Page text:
Compliance improvements don't end with in-place hold. The multi-mailbox search feature has been enhanced in Exchange 2013 as well. The main improvement you'll notice is that you can now preview search results, then view the items within the preview. Gone are the days of copying items and viewing them elsewhere. You still have the option to copy those items to a Discovery Search mailbox for export, but the preview feature helps when determining if your selected scope is appropriate.

In Exchange 2013, admins can also now perform multiple searches and holds that not only target different mailboxes, but also simultaneously include different scopes on those same sets of mailboxes. For example, users in one department may have a hold against all items in their mailboxes for a predetermined amount of time, while a company-wide hold is in place for specific keywords and a different amount of time.

In-place e-discovery and holds in action

The admin must have the Discovery Management role in the EAC
Figure 1: Make certain the admin is included in the Discovery Management role group via the EAC.
Create a new in-place hold
Figure 2: Add a new in-place discovery and hold.
Specify which mailboxes to search
Figure 3: Specify a distribution group as the scope for your in-place discovery and hold.
Include all mailbox items in your search
Figure 4: Include all user mailbox content in your new search.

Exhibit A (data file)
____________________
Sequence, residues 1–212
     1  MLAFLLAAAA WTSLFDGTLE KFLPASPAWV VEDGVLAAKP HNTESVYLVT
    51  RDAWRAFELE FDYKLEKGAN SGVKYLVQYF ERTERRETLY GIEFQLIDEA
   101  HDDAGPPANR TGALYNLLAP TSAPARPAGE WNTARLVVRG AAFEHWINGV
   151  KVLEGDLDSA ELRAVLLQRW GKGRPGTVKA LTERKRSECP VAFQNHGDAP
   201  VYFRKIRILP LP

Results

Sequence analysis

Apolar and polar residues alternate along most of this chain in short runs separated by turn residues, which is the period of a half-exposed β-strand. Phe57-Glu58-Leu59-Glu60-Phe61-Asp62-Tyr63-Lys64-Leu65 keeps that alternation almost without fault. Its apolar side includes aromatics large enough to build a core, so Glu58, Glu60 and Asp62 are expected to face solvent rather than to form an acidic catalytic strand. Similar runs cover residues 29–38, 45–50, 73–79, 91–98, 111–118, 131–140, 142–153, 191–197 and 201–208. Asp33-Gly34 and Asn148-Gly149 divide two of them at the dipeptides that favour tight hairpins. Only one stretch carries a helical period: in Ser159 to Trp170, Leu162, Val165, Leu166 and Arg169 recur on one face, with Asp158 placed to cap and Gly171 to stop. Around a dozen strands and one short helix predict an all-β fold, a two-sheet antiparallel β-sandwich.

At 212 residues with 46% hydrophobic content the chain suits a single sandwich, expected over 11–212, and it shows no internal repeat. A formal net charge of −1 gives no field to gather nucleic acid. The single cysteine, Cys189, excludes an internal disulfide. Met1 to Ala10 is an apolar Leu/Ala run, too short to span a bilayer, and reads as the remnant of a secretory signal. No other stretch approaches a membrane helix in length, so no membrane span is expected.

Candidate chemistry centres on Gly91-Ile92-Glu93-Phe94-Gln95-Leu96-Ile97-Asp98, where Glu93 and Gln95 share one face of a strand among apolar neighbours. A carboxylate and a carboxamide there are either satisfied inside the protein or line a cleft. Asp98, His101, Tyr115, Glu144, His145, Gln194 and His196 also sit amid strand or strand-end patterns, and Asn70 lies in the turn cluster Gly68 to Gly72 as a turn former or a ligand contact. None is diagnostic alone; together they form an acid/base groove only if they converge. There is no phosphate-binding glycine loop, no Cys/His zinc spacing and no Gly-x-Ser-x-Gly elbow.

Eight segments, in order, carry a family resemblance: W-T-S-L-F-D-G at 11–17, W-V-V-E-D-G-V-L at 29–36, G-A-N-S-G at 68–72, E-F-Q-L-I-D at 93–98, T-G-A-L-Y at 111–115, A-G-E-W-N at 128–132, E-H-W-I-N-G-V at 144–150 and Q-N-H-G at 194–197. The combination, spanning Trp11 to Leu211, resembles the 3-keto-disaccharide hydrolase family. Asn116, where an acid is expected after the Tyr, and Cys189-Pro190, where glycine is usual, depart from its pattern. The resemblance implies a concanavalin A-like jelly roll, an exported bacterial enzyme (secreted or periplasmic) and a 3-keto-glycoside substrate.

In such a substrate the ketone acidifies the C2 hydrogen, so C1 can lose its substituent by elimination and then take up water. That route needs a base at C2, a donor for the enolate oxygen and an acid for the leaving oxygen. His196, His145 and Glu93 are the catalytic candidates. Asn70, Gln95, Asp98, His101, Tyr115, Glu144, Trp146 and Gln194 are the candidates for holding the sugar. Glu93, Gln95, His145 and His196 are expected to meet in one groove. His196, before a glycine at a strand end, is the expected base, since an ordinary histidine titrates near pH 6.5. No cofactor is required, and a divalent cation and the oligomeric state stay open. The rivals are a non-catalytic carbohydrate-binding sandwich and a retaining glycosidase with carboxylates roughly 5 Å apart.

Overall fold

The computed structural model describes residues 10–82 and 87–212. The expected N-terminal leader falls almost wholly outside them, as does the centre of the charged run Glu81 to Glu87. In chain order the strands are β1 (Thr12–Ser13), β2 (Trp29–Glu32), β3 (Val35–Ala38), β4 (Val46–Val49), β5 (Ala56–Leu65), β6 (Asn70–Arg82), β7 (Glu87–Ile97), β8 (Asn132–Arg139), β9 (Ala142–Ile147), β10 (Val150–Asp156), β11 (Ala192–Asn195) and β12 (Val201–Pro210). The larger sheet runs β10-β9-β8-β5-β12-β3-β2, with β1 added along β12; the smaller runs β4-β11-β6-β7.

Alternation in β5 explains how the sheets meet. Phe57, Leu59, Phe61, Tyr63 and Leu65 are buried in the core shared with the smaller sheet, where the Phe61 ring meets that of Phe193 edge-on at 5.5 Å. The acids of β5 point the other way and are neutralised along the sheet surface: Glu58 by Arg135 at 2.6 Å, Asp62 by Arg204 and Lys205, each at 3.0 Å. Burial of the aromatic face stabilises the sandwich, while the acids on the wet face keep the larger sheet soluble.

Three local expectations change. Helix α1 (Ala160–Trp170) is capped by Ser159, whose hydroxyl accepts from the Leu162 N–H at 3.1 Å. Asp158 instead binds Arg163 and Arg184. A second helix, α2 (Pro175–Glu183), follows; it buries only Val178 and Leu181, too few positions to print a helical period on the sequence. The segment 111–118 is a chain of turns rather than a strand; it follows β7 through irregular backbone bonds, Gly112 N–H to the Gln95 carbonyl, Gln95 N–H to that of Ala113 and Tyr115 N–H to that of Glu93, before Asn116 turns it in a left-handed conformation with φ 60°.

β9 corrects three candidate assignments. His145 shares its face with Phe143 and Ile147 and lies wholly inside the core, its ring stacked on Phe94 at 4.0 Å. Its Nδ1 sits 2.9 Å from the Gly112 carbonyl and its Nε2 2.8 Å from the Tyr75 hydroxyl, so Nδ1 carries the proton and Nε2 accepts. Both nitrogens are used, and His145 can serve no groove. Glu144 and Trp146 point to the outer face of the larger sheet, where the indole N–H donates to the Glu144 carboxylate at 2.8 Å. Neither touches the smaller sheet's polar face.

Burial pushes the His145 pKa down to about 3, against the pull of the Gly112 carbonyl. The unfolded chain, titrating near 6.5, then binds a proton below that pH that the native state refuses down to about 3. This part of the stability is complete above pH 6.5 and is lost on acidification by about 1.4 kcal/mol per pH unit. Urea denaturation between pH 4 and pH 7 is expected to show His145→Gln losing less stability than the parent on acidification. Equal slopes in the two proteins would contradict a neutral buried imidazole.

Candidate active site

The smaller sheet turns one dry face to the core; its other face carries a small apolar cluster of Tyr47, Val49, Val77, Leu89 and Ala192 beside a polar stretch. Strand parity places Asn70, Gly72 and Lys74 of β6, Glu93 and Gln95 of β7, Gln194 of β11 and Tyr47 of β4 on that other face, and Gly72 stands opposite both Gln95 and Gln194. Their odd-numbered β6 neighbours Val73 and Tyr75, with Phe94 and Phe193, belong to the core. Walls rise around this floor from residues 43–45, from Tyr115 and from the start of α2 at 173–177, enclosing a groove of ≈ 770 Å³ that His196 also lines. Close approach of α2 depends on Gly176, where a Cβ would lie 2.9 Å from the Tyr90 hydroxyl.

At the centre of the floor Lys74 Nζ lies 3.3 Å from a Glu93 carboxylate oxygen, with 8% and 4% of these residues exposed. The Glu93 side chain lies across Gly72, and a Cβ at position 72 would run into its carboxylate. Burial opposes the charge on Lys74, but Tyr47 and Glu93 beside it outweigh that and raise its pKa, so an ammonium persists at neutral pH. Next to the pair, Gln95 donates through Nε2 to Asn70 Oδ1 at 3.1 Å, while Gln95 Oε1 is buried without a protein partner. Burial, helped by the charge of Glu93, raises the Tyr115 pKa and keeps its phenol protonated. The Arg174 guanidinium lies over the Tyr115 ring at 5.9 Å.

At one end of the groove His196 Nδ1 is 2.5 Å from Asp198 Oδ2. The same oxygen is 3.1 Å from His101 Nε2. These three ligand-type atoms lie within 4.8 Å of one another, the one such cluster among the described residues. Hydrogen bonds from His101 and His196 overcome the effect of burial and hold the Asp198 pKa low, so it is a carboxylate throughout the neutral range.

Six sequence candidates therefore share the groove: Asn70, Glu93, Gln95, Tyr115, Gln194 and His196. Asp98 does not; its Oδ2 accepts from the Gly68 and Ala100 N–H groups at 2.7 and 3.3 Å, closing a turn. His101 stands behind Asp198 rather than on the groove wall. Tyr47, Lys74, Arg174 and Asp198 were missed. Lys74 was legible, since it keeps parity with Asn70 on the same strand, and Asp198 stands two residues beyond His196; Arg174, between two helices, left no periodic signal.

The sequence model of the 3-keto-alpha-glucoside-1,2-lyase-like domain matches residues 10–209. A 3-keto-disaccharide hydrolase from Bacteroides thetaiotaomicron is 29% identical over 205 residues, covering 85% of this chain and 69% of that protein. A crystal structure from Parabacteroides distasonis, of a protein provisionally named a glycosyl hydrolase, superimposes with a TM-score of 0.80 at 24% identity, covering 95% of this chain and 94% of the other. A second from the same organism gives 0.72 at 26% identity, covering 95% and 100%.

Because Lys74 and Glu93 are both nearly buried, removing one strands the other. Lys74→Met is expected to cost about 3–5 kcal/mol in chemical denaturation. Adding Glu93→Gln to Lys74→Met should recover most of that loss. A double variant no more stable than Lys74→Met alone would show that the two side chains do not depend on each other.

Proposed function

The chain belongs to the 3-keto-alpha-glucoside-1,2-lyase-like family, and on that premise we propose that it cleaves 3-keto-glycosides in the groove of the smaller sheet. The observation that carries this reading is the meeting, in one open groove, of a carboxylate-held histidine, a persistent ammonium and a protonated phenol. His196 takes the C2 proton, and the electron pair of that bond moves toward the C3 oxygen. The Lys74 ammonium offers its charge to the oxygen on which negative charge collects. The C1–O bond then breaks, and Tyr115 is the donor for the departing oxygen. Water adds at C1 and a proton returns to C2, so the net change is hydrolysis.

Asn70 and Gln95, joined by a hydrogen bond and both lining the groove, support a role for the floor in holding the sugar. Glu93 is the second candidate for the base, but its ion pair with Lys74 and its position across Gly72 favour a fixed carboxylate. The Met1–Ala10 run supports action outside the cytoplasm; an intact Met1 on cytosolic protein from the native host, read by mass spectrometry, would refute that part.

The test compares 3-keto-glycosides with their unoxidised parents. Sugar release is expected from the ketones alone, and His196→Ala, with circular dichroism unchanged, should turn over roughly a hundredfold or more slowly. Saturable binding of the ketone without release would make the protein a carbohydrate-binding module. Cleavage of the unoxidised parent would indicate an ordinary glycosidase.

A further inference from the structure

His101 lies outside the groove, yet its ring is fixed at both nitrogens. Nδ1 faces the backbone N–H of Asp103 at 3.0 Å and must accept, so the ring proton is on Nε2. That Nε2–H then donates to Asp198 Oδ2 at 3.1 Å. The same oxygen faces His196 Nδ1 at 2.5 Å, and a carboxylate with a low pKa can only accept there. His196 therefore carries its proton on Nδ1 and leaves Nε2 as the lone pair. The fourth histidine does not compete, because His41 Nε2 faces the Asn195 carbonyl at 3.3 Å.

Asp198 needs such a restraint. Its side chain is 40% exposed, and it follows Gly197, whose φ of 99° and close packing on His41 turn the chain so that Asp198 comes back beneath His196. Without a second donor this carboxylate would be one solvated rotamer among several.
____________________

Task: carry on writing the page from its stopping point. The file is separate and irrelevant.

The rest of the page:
The in-place hold retains items for six year
Figure 5: Our in-place hold retains items for at least six years.
A preview of search results
Figure 6: Display a preview of the search results.
A look at the preview of which mailboxes the in-place hold covers
Figure 7: Displaying a preview of which mailboxes the in-place hold covers.
Perform a search against all mailboxes
Figure 8: Search against all mailboxes.
Use KQL to specify results for your search
Figure 9: Basic KQL helps specify the criteria for search.
You can estimate search results in the Exchange Administration Center
Figure 10: In the Exchange Administration Center, you can estimate the search results and view statistics.
A preview of Discovery Search results
Figure 11: Here is a preview of the discovery search results.
Export the search results
Figure 12: Export the search results.
What do you want to include in your export?"
Figure 13: Specify options for the search export.
Opening the Discovery Search mailbox
Figure 14: Open the Discovery Search mailbox.
A look at deduplicated items within the Discovery Search mailbox
Figure 15: A glance at deduplicated items within the Discovery Search mailbox.

Now that you've got a better understanding of in-place hold and e-discovery improvements in Exchange 2013, let's see what they look like when put into action. The following is an example scenario where we've been tasked with the following:

  • Hold all mail for all users in the Finance department for at least six years; and
  • Due to a case in progress, we must search for any messages within the organization that include the words Contoso, terms, business, trade or contract.

To begin, open the EAC and ensure that the correct rights are in place. If not set already, make certain the admin has been added to the Discovery Management role group (Figure 1).

Next, navigate to the Compliance Management section. To create the first search, choose the Add icon (+) within the In-Place eDiscovery & Hold section (Figure 2):

We can now create our new in-place discovery and hold. Let's name it Finance 6-year hold. Now, let's configure it to match our business requirements.

Under "Mailboxes," add the finance department's distribution group under "Specify mailboxes to search" (Figure 3).